Acclaim managed to take a very, very cool concept (Super powered heroes vs. their own custom built worst nightmares) and turn it into a game somehow even less interesting than a Pitfall revival. However, it could be argued that Arcade is the greatest winner of all. By game’s end (which, for the record, doesn’t include a credit sequence, which speaks for itself), Arcade has escaped unscathed, and claims to have tortured everyone involved. I don’t know about our mighty mutants, but I know that by the end of this particular Murderland, I was feeling very tortured. Think Acclaim may have been run by a malevolent red head?

FGC #68 Spider-Man and X-Men Arcade’s Revenge

  • System: Super Nintendo was the version featured here, but there’s also a Sega Genesis version, and, phew, also Gameboy and Game Gear? Wow, those have to be horrible.
  • Number of Players: Five heroes, one player. I suppose it would go against the theme of the game to allow simultaneous play, but, oh, maybe Spider-Man could swing into each X-Men stage and help out? That’d be cool.
  • Favorite Stage: Wolverine versus clowns. Wolverine versus clowns times infinity forever.
  • Development Guessing: I refuse to believe this game happened by anything other than accident. Aside from the obvious lack of credits, the way the game can’t even retain a consistent life meter between stages seems to indicate that this thing was pulled together from disparate pieces and slapped into a final product. Storm and Gambit are basically trapped in entirely different genres.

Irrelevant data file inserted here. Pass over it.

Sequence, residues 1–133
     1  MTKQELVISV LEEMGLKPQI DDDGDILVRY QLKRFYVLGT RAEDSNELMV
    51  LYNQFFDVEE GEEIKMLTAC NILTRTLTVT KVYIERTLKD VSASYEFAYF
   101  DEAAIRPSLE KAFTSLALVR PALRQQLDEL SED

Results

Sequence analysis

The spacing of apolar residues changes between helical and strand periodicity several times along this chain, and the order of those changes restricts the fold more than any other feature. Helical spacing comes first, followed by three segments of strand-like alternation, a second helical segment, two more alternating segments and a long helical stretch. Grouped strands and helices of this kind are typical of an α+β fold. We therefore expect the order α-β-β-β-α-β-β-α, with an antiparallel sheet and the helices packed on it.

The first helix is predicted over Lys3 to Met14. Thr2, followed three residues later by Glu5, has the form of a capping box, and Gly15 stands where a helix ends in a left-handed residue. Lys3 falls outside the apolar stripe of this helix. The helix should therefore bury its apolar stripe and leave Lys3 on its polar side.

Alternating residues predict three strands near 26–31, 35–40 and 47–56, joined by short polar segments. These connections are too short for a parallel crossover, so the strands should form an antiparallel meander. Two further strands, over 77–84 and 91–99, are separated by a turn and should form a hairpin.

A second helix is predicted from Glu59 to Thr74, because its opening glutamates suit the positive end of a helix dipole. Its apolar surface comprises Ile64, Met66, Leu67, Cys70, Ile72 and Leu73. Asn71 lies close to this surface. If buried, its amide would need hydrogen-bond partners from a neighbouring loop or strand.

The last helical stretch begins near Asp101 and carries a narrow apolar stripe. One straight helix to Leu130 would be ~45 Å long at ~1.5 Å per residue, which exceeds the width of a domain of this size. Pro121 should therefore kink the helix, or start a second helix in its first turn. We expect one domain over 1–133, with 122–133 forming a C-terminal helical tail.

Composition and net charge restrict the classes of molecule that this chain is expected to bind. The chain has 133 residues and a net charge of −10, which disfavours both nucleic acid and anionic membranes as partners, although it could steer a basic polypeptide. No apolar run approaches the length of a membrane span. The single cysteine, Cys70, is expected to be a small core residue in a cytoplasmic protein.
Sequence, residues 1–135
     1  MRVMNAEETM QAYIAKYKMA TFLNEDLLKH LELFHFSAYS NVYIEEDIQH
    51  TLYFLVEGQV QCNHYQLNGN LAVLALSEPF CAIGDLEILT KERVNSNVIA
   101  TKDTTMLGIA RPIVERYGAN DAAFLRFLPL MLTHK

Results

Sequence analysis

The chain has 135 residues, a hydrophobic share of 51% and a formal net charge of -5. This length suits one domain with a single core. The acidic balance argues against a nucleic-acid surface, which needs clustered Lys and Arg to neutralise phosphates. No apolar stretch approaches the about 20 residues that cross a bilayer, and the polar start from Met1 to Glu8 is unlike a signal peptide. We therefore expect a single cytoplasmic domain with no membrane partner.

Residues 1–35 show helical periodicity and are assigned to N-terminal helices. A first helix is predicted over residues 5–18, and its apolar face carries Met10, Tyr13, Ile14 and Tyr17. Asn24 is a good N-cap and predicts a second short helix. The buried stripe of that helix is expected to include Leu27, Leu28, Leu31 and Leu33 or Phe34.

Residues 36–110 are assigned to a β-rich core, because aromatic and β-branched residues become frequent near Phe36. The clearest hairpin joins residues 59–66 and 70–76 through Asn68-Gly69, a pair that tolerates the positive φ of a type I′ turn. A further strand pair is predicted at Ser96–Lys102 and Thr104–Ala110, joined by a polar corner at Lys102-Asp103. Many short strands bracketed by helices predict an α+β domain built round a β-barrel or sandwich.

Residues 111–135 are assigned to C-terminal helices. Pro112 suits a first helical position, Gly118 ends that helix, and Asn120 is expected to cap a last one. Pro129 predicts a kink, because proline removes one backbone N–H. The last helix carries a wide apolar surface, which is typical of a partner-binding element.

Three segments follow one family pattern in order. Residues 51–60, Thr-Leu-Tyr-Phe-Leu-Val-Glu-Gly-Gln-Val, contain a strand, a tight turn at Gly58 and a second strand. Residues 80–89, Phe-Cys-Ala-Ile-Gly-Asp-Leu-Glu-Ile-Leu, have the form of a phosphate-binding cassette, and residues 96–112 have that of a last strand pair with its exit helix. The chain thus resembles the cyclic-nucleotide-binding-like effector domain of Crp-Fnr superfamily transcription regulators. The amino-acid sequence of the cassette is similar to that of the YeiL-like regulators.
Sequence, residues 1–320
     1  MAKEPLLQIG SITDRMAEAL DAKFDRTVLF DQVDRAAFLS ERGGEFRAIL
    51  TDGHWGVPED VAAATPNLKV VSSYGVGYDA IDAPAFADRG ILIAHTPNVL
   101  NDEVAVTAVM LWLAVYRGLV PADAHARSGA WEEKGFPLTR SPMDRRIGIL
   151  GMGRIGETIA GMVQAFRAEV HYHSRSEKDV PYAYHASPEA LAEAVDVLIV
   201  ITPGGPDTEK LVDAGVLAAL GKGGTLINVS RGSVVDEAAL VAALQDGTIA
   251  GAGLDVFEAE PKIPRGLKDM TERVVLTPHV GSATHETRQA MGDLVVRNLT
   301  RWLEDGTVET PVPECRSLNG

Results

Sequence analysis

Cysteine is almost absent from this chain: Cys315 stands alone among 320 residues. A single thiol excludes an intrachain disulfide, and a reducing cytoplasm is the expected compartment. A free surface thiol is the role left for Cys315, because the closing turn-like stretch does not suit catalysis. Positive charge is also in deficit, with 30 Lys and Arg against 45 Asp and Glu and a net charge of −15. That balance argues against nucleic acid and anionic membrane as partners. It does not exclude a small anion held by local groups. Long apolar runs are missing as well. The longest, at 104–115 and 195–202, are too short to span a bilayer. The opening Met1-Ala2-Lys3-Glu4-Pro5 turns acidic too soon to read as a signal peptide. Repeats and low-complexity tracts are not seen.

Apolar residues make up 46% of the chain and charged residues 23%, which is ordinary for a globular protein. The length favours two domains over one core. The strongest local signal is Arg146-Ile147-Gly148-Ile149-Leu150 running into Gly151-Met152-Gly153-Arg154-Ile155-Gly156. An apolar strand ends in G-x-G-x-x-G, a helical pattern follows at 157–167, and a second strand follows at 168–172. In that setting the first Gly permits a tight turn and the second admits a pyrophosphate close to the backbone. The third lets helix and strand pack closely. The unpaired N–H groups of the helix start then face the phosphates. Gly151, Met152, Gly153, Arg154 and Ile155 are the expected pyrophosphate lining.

• Canon? Technically, the game is based on a run of X-Men comics (specifically starting at #123… easy to remember), but the original story included Colossus, Nightcrawler, and Banshee, but no Gambit. That said, there’s really no reason this game couldn’t be canon, as all the “villains” fought, including Arcade, are just Weird jump timesrobot doubles, and nothing plot-y happens to set this group of captured X-Men anywhere in the timeline. So remember kids, all those cool, fun franchise video games are just imaginary stories, but this butt side of an ass is the real deal.
  • Did you know? Oh… an opportunity to show off some ridiculous X-Men trivia. Let’s see here… Ah, here’s a fun one. Scott Summers is often considered the everyman of the X-Men, as he’s the most “normal” of the original lineup, and has a power that is the typical Marvel “curse and blessing”. Cyclops also has a dad who is a space pirate, a half brother who was a literal king of space, a son from the future who is older than him, a clone of the previously mentioned son, a daughter from the future who runs around in her mom’s old clothes, a dead wife who obliterated a star system and can come back from the dead, a current wife who can turn to diamond, and a younger version of himself from the past who is here exclusively to remind him how much he’s screwed up. Cyclops is highly relatable.
  • Would I play again: The first level is repellant. The most interesting level (Wolverine vs. Juggernaut) is bafflingly difficult. Spider-Man’s web swing controls like a ton of bricks. Most stages are difficult beyond reason. At what point should I just stop and say, “No?”

What’s next? Random ROB has chosen… Mighty Morphin’ Power Rangers for the Sega Genesis. ROB, you on a 90’s Fox Kids kick all of a sudden? I knew I shouldn’t have gotten you that Netflix subscription. Oh well, guess it’s morphin’ time. Please look forward to it!

FGC #067 Xenoblade Chronicles